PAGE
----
RouxLeCates immediately pounded on their door, waking the family of three and their pets, who escaped unharmed.  He used a garden hose on the fire until firefighters arrived.  Not surprisingly, Fire Marshall Andy King said fireworks caused the fire.  Hats off to Roux, who most likely saved the lives of that family!

And that’s a wrap for this week, folks, but I’ll be back with more good people next week!  Meanwhile, let’s all be good people this week, even if its something as simple as baking cookies and sharing them with someone who could use cheering.

33 thoughts on “Good People Doing Good Things —

    • I’m so glad … that’s my goal with these Wednesday ‘good people’ posts. Thing is, we don’t often notice the good people, for they are quietly going about their lives being … good people. The others, on the other hand, are loud and obnoxious and take the air out of the room. They get all the media attention, and it’s understandable that we find ourselves losing hope for a brighter tomorrow. But, there are many, many people whose motives are pure, who care more about people, animals, the environment, etc., than they do about profit and a life of luxury. I hope you are right that our better selves will guide us through these dark days.

      Liked by 1 person

  1. Namaste, Miss Jill! You know what? I didn’t need the tissues. I don’t cry when I’m happy, but Mommy does sometimes. Auntie H did when I sang Happy Birthday to her. Gem gets all teary sometimes when she is happy too. I think it is a girl thing, but it’s okay if boys cry too. I only cry when I’m sad or hurt myself. And sometimes I cry when I’m really angry. I like the policeman that shared his lunch with the poor man. Sharing is always a good thing. The other people are doing good things too. They are sharing their time doing good things for other peoples. I love Roux the dog the best. Roux is a hero! I really like your good people letters specially when you have an animal doing something good. Thank you and Bye!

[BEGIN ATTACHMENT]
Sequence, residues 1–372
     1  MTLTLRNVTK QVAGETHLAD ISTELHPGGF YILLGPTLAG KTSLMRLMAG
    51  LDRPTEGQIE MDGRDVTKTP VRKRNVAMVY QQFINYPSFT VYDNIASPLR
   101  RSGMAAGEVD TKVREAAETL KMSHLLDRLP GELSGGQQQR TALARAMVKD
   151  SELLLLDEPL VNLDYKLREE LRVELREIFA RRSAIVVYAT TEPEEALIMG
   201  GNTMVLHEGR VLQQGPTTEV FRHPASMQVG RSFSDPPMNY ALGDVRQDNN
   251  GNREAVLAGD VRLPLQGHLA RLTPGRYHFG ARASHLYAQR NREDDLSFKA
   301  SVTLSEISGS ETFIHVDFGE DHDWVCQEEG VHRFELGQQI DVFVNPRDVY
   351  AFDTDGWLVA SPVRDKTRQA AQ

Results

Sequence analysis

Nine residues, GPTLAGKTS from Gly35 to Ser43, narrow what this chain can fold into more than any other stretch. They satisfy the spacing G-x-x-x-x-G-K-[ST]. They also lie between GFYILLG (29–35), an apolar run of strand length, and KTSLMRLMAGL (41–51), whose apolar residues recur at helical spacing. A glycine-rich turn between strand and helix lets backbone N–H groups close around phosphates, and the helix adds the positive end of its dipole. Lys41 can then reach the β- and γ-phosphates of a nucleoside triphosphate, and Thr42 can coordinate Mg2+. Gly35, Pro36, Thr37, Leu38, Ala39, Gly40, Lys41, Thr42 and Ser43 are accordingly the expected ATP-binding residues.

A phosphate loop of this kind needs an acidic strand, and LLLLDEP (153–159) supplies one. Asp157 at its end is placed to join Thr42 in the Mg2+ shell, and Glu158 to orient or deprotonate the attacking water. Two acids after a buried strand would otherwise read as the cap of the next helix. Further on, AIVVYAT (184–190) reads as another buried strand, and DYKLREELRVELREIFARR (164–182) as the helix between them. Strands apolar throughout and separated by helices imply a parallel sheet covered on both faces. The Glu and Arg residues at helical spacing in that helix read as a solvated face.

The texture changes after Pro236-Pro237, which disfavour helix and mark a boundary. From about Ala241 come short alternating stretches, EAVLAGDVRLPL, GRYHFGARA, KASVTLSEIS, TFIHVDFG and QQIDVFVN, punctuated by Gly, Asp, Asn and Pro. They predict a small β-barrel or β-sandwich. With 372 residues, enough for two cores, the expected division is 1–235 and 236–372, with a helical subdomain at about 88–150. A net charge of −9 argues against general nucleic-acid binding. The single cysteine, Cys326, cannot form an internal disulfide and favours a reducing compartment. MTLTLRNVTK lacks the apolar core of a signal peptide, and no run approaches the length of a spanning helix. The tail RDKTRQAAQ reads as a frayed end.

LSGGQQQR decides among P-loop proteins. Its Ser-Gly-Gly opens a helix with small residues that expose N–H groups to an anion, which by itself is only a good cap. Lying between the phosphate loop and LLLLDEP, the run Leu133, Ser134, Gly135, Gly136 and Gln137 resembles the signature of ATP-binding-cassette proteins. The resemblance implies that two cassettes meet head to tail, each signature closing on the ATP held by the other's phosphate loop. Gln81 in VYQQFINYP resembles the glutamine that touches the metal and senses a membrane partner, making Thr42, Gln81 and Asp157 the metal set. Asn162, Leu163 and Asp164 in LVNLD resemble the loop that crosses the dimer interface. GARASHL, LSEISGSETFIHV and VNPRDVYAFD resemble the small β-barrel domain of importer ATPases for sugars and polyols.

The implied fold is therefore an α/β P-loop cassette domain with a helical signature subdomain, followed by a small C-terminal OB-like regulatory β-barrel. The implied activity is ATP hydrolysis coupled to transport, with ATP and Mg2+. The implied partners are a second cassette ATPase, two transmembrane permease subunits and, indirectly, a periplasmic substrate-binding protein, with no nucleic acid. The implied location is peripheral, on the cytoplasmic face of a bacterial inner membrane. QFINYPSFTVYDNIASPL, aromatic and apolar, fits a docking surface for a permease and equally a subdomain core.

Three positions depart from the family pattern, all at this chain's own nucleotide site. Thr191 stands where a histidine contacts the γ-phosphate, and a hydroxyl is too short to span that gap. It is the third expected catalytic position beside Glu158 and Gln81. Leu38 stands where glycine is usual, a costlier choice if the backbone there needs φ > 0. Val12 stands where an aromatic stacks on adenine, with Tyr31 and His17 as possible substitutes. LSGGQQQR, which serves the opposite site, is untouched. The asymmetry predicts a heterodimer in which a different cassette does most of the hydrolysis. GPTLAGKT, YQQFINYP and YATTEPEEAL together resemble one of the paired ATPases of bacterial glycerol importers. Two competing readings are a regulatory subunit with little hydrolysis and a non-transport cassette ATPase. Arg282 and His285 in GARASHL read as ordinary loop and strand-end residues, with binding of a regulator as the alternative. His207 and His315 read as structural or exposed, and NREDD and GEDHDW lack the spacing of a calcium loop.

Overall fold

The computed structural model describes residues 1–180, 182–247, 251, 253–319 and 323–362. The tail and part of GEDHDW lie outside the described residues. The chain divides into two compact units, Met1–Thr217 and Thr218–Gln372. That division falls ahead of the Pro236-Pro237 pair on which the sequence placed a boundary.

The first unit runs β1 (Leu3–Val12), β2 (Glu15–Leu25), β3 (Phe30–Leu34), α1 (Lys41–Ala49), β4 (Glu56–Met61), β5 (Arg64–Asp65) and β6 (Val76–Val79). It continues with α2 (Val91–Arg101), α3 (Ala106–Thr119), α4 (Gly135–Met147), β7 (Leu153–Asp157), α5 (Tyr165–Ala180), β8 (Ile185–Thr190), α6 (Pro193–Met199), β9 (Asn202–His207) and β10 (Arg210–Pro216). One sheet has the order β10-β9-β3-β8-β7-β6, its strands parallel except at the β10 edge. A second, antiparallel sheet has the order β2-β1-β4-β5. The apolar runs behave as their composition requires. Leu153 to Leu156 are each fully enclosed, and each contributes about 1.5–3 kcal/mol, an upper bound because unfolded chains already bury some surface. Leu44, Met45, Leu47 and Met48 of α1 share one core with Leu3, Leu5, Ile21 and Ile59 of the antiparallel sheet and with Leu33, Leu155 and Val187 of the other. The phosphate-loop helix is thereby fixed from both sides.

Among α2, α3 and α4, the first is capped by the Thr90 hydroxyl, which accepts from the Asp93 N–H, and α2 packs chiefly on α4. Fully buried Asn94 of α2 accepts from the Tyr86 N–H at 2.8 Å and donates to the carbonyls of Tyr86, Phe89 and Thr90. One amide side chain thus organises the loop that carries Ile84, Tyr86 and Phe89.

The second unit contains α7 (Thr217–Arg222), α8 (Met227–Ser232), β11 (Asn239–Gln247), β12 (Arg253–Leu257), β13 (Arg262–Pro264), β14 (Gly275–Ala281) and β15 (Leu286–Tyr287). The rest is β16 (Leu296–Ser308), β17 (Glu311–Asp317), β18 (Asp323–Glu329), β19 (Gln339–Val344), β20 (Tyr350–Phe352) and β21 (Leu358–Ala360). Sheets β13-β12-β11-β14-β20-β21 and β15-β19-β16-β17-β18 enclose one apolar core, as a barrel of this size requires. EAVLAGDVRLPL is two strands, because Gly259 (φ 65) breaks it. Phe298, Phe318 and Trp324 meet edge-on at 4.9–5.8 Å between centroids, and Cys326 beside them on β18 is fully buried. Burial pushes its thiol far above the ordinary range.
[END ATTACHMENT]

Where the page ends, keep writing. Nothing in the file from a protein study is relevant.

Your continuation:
Liked by 2 people

    • Namaste, Benjamin!!! You know what? I think you might be right that it’s only us girls who get teary-eyed when we read things like good people doing good things. You are also right when you say sharing is a good thing, and that policeman was a good man, I think. Yes, I loved reading about Roux, too! What a great doggie! You’re welcome … big hugs and lots of love to you! ❤


  2. Jill, making sure people are fed is a worthwhile pursuit. Thanks for sharing these stories. We have a hunger crisis in our country, only made worse by the pandemic. School closings have made the vulnerable even moreso, without the breakfast and lunch programs.

    Again, thanks for sharing. Keith

    Liked by 2 people